63. For the most part this is perfectly painless mush. The movie is irrepressibly silly -- what were you expecting? -- but a few hours of Mr. Gyllenhaal jumping around in leather and fluttering his long lashes has its dumb-fun appeal.
  64. Dark Skies certainly parades textbook genre trappings...But those elements are employed with consummate dexterity.
  65. Self-consciously edgy and romantically limp.
  66. Bel Borba Aqui gives us plenty to look at, but not much to think about.
  67. At the very least 28 Hotel Rooms, the first feature written and directed by Matt Ross, is an impressively executed acting exercise for Chris Messina and Marin Ireland.
  68. Stir Crazy is an energetic but spiritless shambles.
  69. This is crudely mounted, earnest advocacy, getting its points across at any cost.
  70. What keeps the film's fragile realism intact are actors who can make even small moments count.
  71. In case you have forgotten, all women are prostitutes, and all men are johns.
  72. Favreau wavers uncertainly between goofy pastiche and seriousness in a movie that wastes its title and misses the opportunity to play with, you know, ideas about the western and science-fiction horror.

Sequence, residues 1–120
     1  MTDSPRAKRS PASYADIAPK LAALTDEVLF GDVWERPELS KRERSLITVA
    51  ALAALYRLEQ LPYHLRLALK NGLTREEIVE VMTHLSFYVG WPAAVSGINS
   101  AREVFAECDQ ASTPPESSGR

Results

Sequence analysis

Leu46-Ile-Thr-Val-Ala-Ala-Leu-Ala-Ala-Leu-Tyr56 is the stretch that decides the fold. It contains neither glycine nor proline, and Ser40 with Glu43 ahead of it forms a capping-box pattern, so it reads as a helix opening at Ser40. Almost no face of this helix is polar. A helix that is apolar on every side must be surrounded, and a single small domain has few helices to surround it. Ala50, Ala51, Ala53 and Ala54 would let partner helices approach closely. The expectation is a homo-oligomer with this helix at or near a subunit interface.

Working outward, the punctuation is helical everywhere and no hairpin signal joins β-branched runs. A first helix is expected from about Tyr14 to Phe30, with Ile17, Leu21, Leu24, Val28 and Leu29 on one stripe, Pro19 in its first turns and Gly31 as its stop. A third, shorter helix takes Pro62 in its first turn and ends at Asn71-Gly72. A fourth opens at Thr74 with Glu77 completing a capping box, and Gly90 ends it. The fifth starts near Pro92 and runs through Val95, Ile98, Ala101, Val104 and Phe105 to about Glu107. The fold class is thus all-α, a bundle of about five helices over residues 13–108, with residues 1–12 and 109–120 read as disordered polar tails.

73. Kill or be killed isn’t the official tag line of The Purge: Anarchy, but it fits. It would also make a more suitable title for this satisfyingly creepy, blunt, down-and-dirty thriller, one of those follow-ups that improves on the original.
  74. The best part of B. Monkey is reveling in the dark side of Rupert Everett.
  75. As intense an immersion in military ambience as a Hollywood movie could hope to provide in just over 90 minutes.
  76. The film falls far short of its goals, but it is a classic of sorts. It belongs in that Blockbuster on Mount Olympus, where pristine new copies of "I Changed My Sex," "Dracula's Dog," "Blackenstein" and "Battlefield Earth" play constantly.
  77. The full explanation for the movie's graphically depicted horrors is preposterous even by the almost-anything- goes standards of the action-thriller conspiracy genre.
  78. Such few assets aren't enough to alleviate the film's shallowness.
  79. A lightweight comedy that has more than enough laughs to justify its silly, scatterbrained premise.
  80. This competently made picture seems a rehash, and not a terribly interesting one. What's remarkable about it is how unremarkable it is.
  81. The comedy in Alfie is plentiful but bittersweet, and the character's bad behavior pleases more than it repels, principally because the star Jude Law's beauty and easy charm go a long way to softening the edges.
  82. Coasts to a smooth, frictionless stop, but its star doesn't; he works as if his career depended on this movie.
  83. Carrying far more weight than their screen time would warrant, the "interviews" with actors playing young children are the best part of the film.
    • 49 Metascore
    • 50 Critic Score